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Open Slack, and it greets you with a friendly message as it loads: “Be cool. The day just got better.” Or: “Always get plenty of sleep, if you can.” (They’re all signed from “your friends at Slack.”) The left side of the screen lists your contacts and group “channels,” with green lights to indicate whether users are active and pink badges to mark unread messages.
At some point over the last year, it started to feel, at least in a certain kind of office, as ubiquitous as those other social-media giants.
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It’s “cool office culture, available for instant download,” Slate declared two years ago, as the phenomenon was taking hold.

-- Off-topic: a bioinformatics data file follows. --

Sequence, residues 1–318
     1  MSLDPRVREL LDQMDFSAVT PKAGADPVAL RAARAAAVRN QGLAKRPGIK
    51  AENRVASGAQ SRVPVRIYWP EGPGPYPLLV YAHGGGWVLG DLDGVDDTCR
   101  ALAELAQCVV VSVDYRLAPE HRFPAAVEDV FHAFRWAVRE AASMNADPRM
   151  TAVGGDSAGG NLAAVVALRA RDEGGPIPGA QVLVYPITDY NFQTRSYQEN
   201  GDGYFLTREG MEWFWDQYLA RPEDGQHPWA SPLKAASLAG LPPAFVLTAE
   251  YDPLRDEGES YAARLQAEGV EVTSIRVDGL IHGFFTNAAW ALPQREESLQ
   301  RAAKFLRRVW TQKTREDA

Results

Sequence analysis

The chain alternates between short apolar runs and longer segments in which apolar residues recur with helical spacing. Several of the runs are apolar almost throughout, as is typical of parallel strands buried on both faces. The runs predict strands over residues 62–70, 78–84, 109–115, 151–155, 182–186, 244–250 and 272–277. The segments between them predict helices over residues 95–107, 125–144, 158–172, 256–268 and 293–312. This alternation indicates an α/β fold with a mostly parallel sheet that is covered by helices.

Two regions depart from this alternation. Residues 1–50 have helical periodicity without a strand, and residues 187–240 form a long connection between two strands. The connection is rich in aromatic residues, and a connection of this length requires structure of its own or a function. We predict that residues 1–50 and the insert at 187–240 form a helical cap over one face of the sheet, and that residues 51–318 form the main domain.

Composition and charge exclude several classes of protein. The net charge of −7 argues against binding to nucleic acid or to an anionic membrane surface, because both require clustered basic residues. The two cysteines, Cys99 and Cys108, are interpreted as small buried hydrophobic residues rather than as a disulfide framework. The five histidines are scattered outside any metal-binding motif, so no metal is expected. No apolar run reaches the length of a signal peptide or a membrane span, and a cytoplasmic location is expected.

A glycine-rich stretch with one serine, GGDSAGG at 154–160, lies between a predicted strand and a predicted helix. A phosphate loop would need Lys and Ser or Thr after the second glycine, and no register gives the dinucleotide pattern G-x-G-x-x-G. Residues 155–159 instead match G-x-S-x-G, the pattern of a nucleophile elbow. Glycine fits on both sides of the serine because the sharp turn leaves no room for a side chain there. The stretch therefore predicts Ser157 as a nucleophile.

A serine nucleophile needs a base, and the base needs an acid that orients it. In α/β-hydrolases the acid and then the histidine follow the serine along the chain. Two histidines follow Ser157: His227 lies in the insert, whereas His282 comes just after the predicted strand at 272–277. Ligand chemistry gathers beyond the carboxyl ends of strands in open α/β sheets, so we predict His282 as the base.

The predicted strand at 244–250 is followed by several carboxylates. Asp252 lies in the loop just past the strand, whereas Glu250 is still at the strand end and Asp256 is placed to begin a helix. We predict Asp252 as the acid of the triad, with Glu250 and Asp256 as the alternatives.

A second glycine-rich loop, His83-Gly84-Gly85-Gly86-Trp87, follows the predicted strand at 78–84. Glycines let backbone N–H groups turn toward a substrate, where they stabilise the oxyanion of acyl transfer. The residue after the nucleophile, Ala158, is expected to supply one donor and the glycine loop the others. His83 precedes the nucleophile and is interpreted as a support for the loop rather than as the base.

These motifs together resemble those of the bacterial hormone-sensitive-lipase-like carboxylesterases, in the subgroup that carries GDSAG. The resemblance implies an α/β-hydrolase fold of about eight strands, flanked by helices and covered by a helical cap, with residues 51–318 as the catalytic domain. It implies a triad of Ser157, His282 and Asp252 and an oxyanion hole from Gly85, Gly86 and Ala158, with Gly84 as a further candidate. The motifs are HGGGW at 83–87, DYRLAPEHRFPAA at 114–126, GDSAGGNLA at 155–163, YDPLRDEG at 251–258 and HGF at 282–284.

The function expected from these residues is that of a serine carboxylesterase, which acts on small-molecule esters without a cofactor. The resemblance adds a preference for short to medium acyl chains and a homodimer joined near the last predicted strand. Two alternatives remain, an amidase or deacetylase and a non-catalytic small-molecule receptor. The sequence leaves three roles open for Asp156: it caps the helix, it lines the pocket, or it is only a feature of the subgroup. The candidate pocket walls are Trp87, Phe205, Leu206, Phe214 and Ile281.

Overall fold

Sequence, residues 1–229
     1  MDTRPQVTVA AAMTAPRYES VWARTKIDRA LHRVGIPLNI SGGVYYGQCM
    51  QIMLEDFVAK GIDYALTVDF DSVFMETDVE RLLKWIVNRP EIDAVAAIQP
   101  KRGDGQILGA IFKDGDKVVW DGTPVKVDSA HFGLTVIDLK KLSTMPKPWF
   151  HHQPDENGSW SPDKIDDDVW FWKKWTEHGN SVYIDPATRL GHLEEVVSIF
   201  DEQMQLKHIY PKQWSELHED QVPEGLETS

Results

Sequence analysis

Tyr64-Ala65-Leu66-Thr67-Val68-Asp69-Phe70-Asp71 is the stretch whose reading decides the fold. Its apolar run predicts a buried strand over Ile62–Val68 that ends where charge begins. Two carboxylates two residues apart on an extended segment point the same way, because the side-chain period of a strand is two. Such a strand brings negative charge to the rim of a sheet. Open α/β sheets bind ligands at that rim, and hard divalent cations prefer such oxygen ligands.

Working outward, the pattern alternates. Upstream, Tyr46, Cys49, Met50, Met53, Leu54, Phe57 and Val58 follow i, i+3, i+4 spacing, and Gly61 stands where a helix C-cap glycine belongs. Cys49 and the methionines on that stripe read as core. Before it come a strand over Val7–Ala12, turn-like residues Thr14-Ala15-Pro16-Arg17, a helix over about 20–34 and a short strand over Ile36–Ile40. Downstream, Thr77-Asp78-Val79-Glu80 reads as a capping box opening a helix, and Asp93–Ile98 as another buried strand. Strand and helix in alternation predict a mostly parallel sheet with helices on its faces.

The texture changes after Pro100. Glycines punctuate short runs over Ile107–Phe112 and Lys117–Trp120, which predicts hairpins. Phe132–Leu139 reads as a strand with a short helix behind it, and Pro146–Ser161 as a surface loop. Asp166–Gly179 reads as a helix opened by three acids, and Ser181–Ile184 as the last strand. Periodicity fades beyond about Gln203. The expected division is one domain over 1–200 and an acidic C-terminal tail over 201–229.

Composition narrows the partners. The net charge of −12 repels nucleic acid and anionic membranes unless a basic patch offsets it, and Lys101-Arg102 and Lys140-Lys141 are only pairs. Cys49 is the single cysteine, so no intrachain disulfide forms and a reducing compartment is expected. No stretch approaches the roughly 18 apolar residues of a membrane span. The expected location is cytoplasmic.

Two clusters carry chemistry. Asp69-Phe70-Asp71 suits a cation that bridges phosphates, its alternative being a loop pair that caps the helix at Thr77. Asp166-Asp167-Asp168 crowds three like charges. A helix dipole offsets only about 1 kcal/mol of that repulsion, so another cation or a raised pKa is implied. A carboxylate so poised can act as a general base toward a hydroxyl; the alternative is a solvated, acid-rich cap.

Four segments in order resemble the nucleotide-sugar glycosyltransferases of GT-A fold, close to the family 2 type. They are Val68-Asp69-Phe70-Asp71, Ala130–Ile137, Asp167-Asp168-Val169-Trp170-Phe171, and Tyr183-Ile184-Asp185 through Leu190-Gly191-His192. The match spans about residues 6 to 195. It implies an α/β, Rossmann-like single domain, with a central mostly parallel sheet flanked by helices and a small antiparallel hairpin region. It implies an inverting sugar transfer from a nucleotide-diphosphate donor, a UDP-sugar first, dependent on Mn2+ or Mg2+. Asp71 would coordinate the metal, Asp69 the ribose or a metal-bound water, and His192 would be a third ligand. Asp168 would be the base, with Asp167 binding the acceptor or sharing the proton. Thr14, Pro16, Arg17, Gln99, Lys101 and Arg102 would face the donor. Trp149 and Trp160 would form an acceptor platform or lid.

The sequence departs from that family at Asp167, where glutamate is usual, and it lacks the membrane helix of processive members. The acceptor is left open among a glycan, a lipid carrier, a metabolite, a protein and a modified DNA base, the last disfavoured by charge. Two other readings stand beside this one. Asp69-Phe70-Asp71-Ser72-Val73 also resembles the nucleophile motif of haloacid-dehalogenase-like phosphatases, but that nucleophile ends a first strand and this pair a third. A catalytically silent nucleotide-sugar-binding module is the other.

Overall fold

Or, as Ali Rayl, Slack’s director of customer experience, puts it (in faintly depressing terms), Slack allows users to “create the human connection without the human overhead.” Slack’s work chat is the consummation of the open-plan-office dream — an unstructured space where you can share, collaborate, and see what everyone else is working on.His efforts toward a second endless game, this time called Glitch, yielded Slack; it grew out of the chat application the Glitch team used internally.